The Bourne Legacy Poster Effect

There are a number of tutorials out there that emulate the grungy, segmented effects used on The Bourne Legacy promotional posters—and that speaks to the adaptability of Photoshop. There are several different ways to accomplish the same effect, depending on the Photoshop tools you’re most familiar with. It’s like that old saying: There’s more than one way to skin a cat. Not that we’re skinning any cats or anything. I’m just saying.

step ONE: Open the image to which you wish to apply the effect. Go to lmage>Duplicate. When the Duplicate Image dialog appears, simply click OK (there’s no need to name the file since we’ll be discarding it).

step TWO: Make sure you’re working on the duplicated image and go to lmage>Adjustments>HDR Toning. When the HDR Toning dialog appears, enter -1.04 for Exposure, +300% for Detail, -100% for Shadow, -60% for Highlight, and -100% for Saturation. Click OK.

STEPTHREE: Using the Move tool (V) while holding down the Shift key, click-and-drag the duplicated image document directly onto the original document, which will add a new layer (Layer 1). The Shift key will align the duplicated image with the original image. Change the layer blend mode to Overlay near the top left of the Layers panel. You can close the duplicated image document, as you no longer need it.

step four: If you want the image to look a bit more grungy, go to Filter>Noise>Add Noise. Enter 15% for Amount, set Distribution to Uniform, check on Monochromatic, and click OK. Use a higher Amount for high-res images.

STEP FIVE: Click ОП the Create a New Layer icon at the bottom of the Layers panel (Layer 2). Press D to set the Fore¬ground color to black. Choose the Gradient tool (G) from the Tool¬box. Click on the gradient thumbnail in the Options

Bar, choose the Foreground to Transparent preset, and click OK. Now click the Linear Gradient icon in the Options Bar, then click-and-drag a gradient from the left side toward the center of the document to darken the left side. Lower the layer Opacity to 75%.

step six: Create a new layer (Layer 3). Press Option-Delete (PC: Alt-Backspace) to fill the entire selection with black. Lower the layer Opacity to 0% (this is only a temporary setting so we can see what’s beneath Layer 3). Choose the Rectangular Marquee tool (M) from the Toolbox, and make a selection across the image about where the eyes are in your image.

step seven: With the Rectangular Marquee tool still selected, add more horizontal selections to the current selection by holding down the Shift key. Vary the height and length of the selections, and don’t forget to leave some unselected areas for text (bottom left and various areas from top to bottom in our example).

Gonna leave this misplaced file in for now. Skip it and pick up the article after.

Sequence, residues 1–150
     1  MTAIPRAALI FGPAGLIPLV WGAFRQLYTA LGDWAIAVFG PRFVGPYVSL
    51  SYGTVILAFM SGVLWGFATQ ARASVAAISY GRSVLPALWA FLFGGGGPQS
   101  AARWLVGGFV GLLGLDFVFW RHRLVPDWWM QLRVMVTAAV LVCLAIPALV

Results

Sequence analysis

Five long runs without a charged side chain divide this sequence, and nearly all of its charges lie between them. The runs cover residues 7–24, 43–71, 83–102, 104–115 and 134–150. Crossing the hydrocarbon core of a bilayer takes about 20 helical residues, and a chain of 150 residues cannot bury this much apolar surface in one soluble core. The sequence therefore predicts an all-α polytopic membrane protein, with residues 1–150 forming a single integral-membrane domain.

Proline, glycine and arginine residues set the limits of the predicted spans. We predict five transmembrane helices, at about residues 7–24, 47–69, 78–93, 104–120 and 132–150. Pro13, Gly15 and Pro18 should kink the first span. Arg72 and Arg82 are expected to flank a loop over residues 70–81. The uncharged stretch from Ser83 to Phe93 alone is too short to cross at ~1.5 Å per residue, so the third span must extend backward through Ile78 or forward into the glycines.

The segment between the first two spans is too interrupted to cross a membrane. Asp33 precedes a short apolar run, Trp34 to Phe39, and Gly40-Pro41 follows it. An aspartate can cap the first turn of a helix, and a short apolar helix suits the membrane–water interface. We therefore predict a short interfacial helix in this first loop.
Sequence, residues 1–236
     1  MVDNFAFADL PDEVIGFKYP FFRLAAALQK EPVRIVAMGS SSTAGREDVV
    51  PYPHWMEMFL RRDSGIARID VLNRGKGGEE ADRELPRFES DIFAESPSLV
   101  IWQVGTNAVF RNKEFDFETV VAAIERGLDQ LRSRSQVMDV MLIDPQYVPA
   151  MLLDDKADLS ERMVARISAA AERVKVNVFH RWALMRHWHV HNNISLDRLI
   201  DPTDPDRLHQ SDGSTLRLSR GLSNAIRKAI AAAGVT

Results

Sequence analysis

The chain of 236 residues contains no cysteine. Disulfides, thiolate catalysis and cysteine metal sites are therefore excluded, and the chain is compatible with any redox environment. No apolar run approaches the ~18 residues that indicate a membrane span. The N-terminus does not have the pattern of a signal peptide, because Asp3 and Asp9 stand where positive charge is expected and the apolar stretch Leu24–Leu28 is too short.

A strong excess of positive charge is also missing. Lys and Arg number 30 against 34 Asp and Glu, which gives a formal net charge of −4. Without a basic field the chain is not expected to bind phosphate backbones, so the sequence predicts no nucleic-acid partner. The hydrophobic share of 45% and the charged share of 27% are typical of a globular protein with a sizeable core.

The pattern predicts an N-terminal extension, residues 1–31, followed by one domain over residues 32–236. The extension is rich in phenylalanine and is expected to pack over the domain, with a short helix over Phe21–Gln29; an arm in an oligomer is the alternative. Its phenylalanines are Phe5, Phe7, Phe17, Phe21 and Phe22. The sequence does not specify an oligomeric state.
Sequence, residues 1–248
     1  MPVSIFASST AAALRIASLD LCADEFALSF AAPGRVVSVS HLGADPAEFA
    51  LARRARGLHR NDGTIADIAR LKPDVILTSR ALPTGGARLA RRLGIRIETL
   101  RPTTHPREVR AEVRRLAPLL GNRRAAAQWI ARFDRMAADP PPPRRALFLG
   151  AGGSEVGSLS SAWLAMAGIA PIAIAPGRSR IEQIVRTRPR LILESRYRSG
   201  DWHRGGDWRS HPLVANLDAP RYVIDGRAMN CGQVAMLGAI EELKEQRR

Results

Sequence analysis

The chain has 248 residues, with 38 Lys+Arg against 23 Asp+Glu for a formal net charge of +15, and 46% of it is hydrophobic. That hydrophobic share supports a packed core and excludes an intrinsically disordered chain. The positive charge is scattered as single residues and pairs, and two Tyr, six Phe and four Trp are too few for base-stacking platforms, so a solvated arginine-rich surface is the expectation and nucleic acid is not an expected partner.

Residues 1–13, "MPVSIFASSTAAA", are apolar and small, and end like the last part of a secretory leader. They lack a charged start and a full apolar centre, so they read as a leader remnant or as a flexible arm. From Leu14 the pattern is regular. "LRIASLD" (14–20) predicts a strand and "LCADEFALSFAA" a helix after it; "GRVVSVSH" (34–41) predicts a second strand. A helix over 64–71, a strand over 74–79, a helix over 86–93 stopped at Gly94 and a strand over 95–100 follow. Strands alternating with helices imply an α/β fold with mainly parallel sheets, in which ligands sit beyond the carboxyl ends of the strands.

step eight: Raise the layer Opacity of Layer 3 back to 100%. Now, press Delete (PC: Backspace) to knock out the selected areas of the solid black layer. Press Command-D (PC: Ctrl-D) to deselect. Note: Knocking out the selected areas of a solid black layer is a very basic way to achieve the effect, but you can also use a layer mask or a vector mask, making the layer much easier to edit or change at a later time.

step nine: Click on the Foreground color swatch at the bottom of the Toolbox. Choose a gray color (R: 169, G:169, B:169) and click OK. Choose the Type tool (T) from the Toolbox and enter some text at the lower left of the document. We used Helvetica regular and Helvetica bold as the font. Right-click directly on the type layer and choose Rasterize Type.

step ten: With the rasterized type layer active, choose the Rectangular Marquee tool and make a thin horizontal selection beginning at the base of the letter Y (see example). Now, choose the Gradient tool, and click-and-drag a gradient from the left side toward the right side of the selection. Deselect.

step eleven: Click on the Add a Layer Style icon (fx) at the bottom of the Layers panel, and choose Gradient Overlay. Click directly on the Gradient thumbnail. When the Gradient Editor appears, choose Foreground to Transparent. Double-click the color stop on the left side under the gradient ramp, choose a dark-gray color (R:89, G:89, B:89) in the Color Picker, and click OK. Now, click OK twice to close the Gradient Editor and to apply the layer style.

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